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SI413 Class 22: Macros vs. functions, applicative vs. normal order evaluation


Reading
Section 6.6.2 of Programming Language Pragmatics.

Homework
  1. If you need to fetch the element 1/3rd of the way into an array range i..j frequently in a program, you might try a macro
    #define THIRD(A,i,j) A[i + (j-i)/3]
        
    or you might try an inline function
    inline int third(int *A, int i, int j) { return A[i + (j-i)/3]; }      
        
    1. What's the "inline" do?
    2. Fix the macro definition so that it's reliable.
    3. Are there any advantages to the macro?
    4. Why is it "THIRD(foo,a,b) = 4" will compile, but not "third(foo,a,b) = 4"

  2. Why can't you make a macro out of:
    int gcd(int u, int v)
    {
      if (v == 0) 
        return u;
      return gcd(v,u%v);
    }
        

Recalling function evaluation vs. call site
The basic idea of a function in programming is that you have a function body, which is a chunk of code possibly containing references to some parameters, and potentially many call sites, which potentially include argument expressions. The fundamental issue is getting the arguments from the call site, called the actual parameters, bound to the associated names used in the function body, called the formal parameters.

Macros
It used to be quite common to use "macros" instead of functions, and you still see a lot of that kind of thing in C code. Understanding macros helps in understanding functions. The concept of a macro is simple replace a word or slightly more complicated pattern in a program with a new expression. For exaple, if you write
#define PI 3.14159
then following that macro, each occurrence of the text "PI" gets replaced with the text "3.14159" prior to compilation. Macros with patterns allow for something akin to functions. For example:
#define FOO(a,b) 0 < a && a < b && b < 1
if (FOO(1 - x*y, x + y) ---becomes---> if(0 < 1 - x*y && 1 - x*y < x + y && x + y < 1)
#define ODD(a) a & 1

int main()
{
  int x,y,n;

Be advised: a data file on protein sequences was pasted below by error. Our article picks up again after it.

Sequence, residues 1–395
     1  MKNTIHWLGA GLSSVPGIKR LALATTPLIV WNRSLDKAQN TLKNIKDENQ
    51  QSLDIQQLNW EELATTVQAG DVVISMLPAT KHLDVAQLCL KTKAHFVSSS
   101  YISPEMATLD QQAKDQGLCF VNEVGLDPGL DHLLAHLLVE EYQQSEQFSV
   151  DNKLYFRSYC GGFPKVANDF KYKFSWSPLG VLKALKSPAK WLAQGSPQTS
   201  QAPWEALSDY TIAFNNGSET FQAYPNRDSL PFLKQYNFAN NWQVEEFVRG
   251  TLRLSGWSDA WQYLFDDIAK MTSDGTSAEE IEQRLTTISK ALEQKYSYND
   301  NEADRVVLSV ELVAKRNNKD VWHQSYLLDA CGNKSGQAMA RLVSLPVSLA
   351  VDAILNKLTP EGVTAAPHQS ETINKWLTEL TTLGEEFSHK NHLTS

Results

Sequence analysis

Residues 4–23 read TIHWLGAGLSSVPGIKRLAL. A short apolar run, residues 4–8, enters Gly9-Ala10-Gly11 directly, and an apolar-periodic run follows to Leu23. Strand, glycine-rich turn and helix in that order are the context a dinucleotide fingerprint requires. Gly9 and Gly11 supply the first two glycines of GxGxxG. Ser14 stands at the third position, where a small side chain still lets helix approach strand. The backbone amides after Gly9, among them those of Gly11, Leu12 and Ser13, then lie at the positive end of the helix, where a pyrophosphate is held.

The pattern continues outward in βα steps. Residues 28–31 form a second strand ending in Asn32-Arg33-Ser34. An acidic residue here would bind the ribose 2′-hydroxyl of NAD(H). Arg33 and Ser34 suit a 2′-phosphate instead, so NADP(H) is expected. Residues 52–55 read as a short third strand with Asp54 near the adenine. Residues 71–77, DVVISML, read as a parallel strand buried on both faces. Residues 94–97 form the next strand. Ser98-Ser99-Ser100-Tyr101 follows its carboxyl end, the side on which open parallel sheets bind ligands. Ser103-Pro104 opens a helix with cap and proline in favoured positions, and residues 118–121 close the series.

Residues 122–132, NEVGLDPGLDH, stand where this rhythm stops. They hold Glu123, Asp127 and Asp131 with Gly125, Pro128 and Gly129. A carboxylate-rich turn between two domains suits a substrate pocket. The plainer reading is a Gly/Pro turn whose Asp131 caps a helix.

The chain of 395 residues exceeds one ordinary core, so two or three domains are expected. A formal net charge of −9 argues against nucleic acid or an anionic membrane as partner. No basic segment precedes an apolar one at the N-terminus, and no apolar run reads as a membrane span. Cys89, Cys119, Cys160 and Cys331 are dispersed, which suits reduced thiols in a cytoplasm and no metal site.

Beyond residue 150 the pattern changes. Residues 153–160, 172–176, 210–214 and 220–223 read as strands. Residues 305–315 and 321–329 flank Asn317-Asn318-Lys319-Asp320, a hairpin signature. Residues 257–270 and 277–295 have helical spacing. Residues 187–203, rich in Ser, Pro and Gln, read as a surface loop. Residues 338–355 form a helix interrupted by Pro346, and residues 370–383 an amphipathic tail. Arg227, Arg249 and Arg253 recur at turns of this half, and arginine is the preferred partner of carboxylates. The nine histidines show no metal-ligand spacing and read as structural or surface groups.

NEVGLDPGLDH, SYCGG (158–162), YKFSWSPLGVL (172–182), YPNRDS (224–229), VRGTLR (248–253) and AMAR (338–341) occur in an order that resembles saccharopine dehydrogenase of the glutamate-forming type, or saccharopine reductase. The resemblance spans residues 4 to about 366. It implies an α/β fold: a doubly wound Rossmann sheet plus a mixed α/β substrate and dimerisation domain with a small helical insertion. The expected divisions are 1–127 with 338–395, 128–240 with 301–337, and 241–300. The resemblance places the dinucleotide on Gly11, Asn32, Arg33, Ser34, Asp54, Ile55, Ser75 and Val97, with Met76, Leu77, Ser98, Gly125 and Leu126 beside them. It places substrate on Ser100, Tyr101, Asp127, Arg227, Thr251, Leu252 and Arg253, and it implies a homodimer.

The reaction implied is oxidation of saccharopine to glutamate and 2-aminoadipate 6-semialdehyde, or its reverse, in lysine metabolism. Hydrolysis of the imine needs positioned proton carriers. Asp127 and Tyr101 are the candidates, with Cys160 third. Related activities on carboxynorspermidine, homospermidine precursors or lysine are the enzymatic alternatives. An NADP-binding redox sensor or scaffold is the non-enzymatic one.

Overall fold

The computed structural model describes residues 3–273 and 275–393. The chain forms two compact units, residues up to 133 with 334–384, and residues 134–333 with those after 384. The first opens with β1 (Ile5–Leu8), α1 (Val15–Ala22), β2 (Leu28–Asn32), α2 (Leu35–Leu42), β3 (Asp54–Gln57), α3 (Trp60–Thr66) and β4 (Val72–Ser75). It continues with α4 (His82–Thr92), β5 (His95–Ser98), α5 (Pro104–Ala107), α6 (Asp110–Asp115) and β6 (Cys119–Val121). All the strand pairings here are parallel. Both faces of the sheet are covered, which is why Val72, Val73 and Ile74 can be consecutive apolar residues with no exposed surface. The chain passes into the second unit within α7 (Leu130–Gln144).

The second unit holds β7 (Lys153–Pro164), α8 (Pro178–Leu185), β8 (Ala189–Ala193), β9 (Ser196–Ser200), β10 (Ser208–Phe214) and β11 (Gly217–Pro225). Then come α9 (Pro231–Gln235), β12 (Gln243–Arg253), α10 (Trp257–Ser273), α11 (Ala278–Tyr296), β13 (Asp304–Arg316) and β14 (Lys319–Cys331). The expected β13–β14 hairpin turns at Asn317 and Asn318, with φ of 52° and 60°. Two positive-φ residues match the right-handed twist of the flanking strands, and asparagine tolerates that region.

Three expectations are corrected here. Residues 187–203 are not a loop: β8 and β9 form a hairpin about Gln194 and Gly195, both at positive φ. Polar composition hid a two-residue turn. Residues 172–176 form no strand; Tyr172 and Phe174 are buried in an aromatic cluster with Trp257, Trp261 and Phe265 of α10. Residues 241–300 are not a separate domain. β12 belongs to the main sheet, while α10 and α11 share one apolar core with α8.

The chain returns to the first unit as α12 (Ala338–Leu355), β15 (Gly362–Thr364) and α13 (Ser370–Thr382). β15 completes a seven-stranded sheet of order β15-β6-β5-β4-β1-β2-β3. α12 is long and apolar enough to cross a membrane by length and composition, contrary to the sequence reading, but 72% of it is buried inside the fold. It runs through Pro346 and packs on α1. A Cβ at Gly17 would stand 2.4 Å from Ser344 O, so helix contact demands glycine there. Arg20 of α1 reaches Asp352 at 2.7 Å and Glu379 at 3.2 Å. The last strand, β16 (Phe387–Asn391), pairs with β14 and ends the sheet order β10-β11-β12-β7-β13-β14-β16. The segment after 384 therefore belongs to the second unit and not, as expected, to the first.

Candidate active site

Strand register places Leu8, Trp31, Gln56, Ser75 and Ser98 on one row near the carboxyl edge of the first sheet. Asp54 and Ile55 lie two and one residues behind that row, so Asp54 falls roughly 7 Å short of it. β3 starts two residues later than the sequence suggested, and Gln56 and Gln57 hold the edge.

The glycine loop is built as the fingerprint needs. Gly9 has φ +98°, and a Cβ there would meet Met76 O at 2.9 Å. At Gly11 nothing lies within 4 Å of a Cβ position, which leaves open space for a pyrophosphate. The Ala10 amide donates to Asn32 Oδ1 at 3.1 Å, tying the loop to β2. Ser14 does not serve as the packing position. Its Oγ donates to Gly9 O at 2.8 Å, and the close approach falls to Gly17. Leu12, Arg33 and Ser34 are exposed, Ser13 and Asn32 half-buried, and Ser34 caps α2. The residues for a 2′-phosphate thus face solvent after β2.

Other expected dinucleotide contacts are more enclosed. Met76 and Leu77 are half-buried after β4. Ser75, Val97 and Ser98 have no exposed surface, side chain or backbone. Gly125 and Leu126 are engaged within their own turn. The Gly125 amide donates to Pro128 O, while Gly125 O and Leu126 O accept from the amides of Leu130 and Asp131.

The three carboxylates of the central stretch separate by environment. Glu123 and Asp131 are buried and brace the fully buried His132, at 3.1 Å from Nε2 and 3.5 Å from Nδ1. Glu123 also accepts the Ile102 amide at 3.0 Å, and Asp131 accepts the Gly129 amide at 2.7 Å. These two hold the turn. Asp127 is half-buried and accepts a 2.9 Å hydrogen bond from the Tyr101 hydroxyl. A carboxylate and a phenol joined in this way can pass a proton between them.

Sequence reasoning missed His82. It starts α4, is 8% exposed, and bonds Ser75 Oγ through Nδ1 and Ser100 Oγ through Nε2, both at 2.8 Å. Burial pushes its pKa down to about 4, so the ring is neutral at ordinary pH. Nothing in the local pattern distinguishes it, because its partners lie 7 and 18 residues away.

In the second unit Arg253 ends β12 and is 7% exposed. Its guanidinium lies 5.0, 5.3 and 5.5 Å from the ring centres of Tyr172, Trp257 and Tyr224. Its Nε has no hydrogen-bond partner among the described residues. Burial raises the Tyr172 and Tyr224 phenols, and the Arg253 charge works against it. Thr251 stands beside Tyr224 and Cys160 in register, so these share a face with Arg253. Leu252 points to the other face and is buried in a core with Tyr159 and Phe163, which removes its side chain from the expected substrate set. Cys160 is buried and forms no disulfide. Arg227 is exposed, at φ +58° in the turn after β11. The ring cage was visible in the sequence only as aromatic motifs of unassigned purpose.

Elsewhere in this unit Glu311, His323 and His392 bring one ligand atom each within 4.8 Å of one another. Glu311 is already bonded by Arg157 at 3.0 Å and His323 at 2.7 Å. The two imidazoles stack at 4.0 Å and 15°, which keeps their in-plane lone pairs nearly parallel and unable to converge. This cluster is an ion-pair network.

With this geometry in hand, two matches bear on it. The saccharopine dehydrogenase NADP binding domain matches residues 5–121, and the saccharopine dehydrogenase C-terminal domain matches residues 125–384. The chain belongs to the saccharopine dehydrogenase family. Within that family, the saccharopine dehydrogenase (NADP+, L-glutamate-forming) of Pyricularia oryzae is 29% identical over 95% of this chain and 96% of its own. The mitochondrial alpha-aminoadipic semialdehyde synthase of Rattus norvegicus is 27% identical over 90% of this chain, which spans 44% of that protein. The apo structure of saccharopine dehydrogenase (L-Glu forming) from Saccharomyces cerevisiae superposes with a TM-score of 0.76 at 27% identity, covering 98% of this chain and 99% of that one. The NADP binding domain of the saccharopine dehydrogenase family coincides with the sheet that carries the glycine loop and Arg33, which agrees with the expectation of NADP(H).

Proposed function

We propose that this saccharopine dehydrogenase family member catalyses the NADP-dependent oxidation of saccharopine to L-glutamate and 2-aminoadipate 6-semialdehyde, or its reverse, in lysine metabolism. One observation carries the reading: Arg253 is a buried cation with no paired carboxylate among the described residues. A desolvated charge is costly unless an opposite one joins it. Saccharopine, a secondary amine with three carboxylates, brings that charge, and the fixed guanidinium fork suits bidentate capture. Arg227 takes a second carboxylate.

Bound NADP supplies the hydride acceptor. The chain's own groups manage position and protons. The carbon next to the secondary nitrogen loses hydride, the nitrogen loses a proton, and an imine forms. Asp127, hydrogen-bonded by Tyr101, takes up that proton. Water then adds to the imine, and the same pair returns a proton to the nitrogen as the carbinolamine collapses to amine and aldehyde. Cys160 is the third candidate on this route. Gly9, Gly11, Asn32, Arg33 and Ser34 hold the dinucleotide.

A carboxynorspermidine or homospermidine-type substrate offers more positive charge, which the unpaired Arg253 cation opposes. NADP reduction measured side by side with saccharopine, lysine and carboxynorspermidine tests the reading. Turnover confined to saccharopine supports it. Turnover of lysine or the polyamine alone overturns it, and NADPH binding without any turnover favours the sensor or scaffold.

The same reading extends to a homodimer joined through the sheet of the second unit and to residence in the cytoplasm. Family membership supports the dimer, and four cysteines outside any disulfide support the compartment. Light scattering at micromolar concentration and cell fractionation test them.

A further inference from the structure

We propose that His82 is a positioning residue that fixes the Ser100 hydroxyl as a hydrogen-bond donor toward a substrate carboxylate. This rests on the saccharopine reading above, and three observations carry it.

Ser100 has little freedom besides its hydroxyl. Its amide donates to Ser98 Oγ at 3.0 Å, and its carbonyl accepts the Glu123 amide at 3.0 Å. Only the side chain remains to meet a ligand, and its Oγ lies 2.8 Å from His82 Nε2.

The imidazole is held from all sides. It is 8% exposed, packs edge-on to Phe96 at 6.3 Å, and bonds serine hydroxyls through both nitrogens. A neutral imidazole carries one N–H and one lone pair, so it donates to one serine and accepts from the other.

cin >> x >> y >> n;
  cout << (x + y*ODD(n)) 
       << endl;
}
		
This totally doesn't work. If x=3,y=4,n=5 we get
3 + 4*5 & 1
... and precdence ruins the whole thing.
#define ODD(a) (a & 1)

int main()
{
  int x,y,n;
  cin >> x >> y >> n;
  cout << (x + y*ODD(n)) 
       << endl;
}
		
The extra parens fix the problem.

#define DIVIDES(a,b) (!(b%a))

int main()
{
  int x,y;
  cin >> x >> y;
  cout << DIVIDES(x,y+1)
       << endl;
}
		
We got the outer parens, but there's still trouble, because we have an expression in the second slot, so we get
(!(y + 1%x))
... and once again precedence gets us!
#define DIVIDES(a,b) (!((b)%(a)))

int main()
{
  int x,y;
  cin >> x >> y;
  cout << DIVIDES(x,y+1)
       << endl;
}
		
We put each "argument" to the macro in enclosing parens to ensure that it doesn't mess with the expression we're generating.

So, textual substitution with macros has a lot of pitfalls. Why did anyone ever like it? Does it have any advantages over functions? Yes, it has advantages: macros avoid function calls. That means no stack manipulation or creation of frames or anything like that. So macros have always been popular for small jobs like the two above. However, C++ and C99 have an answer for that, they provide "inline" functions. The "inline" keyword is a hint to the compiler to try to substitute the function body into the surrounding program and avoid an actual function call, but to do this in a way that satisfies all the usual function semantics. So it has none of the pitfalls of a macro.
inline int divides(int a, int b) { return !(a % b); }
Note that this also makes the function implicitly static meaning that each compilation unit (file) can have its own definition, as opposed to a regular functions which allow only one definition for the whole program.

More differences between functions and macros
Suppose I have tuples (a1,a2) and (b1,b2) to compare lexicogrpahically. I might define the following macro:
#define LEXLESS(a1,a2,b1,b2) ((a1) < (b1) || (a1) == (b1) && (a2) < (b2))

int main()
{
  int x,y,u,v;
  cin >> x >> y >> u >> v;